Ecological, behavioural and molecular aspects enabling invasive round goby translocation via boats

Bussmann, Karen. Ecological, behavioural and molecular aspects enabling invasive round goby translocation via boats. 2022, Doctoral Thesis, University of Basel, Faculty of Science.

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Aquatic invasive species are one of the biggest threats to biodiversity worldwide. Especially in freshwater ecosystems, the introduction of non-native species has led to many detrimental ecological and economic effects. Invasive fish belong to the taxa that exert the most severe impacts on aquatic ecosystems, and globally caused the decline or extinction of native species through predation or competition. Understanding and preventing ways of translocation is crucial to avoid further introductions of invasive fish. The round goby (Neogobius melanostomus) is one of the most notorious invasive fish species in European and North American waters. A commonly proposed way of translocation for round gobies is that they lay eggs on boat hulls, which can then be transported within or across water bodies. For example, translocation via recreational boats could help round gobies to spread into the ecologically and economically valuable lakes of Switzerland, which cannot be reached via ballast water transport or active dispersal. However, it is unclear how the bottom-dwelling round goby establishes contact with boats on the water surface. In this study, we investigate potential mechanisms of round goby translocation via recreational boats and derive measures to prevent it by determining which life stages act as propagules, how vector contact is established, and which mechanisms contribute to a successful translocation.
A key behavioural aspect enabling egg deposition on boat hulls is vertical habitat use. Round gobies readily use vertical harbor walls as habitat and use them as beachheads to reach boat hulls, potentially enabling egg deposition there. While practical evidence for round goby eggs on boat hulls is still missing, high breeding frequencies in spawning traps close to the surface confirms that nesting there is a plausible option. Round gobies using vertical habitat are larger and more generalist than those using the bottom substrate during the reproductive season. This differential habitat use by a more competitive subset of the population could help to explain the successful translocation history of round gobies. Another aspect that helps round goby eggs to survive adverse conditions during overland transport is their desiccation tolerance of up to 48 hours. Molecular mechanisms including an enhanced response to oxidative stress, adjustment in protein metabolism and changes in developmental processes contribute to the survival of prolonged desiccation.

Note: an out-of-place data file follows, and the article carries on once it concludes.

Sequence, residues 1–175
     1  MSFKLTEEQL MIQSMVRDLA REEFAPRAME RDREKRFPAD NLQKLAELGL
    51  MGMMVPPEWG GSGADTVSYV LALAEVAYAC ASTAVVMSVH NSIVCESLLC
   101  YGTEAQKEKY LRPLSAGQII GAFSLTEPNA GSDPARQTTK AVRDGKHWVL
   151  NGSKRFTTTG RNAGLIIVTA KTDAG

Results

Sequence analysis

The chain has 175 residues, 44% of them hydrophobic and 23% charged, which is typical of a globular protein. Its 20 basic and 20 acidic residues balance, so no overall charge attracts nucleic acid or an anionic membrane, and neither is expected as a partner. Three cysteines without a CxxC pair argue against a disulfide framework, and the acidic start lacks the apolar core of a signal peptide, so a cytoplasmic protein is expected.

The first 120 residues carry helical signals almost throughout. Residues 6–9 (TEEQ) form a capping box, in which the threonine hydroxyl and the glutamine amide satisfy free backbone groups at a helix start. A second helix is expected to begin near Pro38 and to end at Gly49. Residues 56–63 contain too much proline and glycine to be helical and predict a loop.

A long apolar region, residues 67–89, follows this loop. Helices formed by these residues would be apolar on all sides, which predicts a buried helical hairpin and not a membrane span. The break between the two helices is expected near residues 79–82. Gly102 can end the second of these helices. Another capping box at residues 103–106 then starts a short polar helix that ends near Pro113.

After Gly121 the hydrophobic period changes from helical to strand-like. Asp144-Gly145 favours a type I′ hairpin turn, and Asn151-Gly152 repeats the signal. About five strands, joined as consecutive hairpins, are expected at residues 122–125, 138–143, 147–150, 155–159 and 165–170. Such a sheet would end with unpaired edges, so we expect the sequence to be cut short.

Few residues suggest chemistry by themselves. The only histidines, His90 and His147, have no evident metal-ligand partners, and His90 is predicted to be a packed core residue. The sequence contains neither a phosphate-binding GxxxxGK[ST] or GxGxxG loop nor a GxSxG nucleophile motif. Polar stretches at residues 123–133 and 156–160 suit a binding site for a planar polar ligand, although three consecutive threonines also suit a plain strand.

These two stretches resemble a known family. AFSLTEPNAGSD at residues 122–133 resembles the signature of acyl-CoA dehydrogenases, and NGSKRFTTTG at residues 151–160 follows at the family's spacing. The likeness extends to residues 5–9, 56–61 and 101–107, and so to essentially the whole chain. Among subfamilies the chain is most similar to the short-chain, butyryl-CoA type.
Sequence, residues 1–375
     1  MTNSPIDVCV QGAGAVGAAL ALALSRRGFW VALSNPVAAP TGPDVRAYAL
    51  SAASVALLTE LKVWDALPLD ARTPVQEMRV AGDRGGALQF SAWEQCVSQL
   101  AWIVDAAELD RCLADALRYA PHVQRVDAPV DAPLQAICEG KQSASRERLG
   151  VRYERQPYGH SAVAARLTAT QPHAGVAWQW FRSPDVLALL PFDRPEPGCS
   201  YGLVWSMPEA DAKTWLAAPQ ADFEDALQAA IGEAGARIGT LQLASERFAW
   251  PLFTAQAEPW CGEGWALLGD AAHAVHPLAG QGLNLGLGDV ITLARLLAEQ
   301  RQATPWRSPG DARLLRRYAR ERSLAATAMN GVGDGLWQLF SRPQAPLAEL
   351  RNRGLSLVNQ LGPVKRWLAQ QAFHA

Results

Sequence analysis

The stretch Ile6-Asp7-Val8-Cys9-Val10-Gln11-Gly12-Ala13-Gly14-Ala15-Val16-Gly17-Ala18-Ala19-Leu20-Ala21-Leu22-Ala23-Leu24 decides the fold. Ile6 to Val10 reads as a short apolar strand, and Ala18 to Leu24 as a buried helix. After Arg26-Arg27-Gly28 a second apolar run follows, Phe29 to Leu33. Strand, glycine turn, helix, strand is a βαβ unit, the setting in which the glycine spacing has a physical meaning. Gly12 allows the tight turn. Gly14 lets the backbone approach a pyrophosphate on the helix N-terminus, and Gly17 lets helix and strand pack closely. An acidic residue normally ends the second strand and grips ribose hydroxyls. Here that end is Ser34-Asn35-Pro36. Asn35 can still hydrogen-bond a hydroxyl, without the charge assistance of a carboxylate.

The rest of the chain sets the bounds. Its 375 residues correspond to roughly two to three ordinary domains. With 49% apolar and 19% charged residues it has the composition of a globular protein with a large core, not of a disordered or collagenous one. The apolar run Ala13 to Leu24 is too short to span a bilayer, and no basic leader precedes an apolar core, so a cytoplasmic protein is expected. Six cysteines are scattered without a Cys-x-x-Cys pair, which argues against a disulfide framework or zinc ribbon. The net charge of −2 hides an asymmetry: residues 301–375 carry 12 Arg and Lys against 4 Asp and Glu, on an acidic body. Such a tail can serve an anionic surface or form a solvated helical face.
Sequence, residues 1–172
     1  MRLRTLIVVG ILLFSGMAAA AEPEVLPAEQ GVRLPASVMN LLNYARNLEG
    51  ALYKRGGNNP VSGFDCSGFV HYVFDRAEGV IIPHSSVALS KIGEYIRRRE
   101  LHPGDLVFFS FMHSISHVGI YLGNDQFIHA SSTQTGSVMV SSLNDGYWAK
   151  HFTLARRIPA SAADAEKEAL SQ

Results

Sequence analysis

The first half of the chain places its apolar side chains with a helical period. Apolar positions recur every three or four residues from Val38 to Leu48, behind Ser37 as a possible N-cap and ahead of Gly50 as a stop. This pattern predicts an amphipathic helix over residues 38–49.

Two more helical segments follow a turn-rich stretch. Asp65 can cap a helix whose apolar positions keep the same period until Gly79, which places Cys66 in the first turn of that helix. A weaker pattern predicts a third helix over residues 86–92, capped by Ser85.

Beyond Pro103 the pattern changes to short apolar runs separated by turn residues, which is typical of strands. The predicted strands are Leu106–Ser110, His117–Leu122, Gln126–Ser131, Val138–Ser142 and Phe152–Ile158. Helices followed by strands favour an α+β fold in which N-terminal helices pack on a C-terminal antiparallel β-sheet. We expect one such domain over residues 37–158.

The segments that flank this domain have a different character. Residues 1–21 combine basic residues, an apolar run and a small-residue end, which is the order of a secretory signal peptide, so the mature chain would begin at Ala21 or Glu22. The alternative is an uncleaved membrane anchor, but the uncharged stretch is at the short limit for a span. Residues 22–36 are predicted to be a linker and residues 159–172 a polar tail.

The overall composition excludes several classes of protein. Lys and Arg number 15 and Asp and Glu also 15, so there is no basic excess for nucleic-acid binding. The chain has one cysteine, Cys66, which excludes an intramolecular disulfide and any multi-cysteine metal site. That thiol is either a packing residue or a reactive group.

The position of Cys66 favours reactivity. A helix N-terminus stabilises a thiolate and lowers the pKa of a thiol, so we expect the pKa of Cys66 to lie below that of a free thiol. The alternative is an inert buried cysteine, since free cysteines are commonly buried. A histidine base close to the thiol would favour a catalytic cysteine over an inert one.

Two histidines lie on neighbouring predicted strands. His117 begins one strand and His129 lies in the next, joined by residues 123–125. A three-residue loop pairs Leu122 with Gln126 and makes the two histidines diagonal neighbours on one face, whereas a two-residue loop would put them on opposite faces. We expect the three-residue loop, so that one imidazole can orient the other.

The confirmed presence of a round goby larva inside a boat motor shows that there is a second possible mode of translocation via recreational boats. Round goby larvae drift in the water column at night, making their uptake via cooling water intake possible. A compilation of anecdotal reports of fish and other macrofauna inside of boat motor cooling systems from boating forums and the observation of regular presence of boats active after sunset confirms that this mode of translocation can accelerate in-water spread of invasive fish.
Understanding translocation mechanisms of invasive species is crucial for the prevention of their spread. The studies included in this work demonstrate the different ways in which recreational boats can contribute to the introduction of invasive fish into new water bodies and reveal mechanisms that enable vector contact and survival of transport. The results elucidate novel aspects of why certain species are successful invaders and can improve future risk models. The translocation of eggs laid on boat hulls and larvae in cooling water systems can be mitigated by different measures like adjustment of mooring conditions, thorough cleaning of potential nest sites on boats, drying of boats over several days, or emptying and flushing cooling systems before every transport. Applied in management campaigns and communicated to relevant stakeholders, the proposed measures can therefore improve the biosecurity of un-invaded waters.
Advisors:Holm, Patricia and von Fumetti, Stefanie and Balshine, Sigal
Faculties and Departments:05 Faculty of Science > Departement Umweltwissenschaften > Integrative Biologie > Aquatische ├ľkologie (Holm)
UniBasel Contributors:Bussmann, Karen and von Fumetti, Stefanie
Item Type:Thesis
Thesis Subtype:Doctoral Thesis
Thesis no:14826
Thesis status:Complete
Number of Pages:147
Identification Number:
  • urn: urn:nbn:ch:bel-bau-diss148262
edoc DOI:
Last Modified:29 Oct 2022 04:30
Deposited On:28 Oct 2022 09:40

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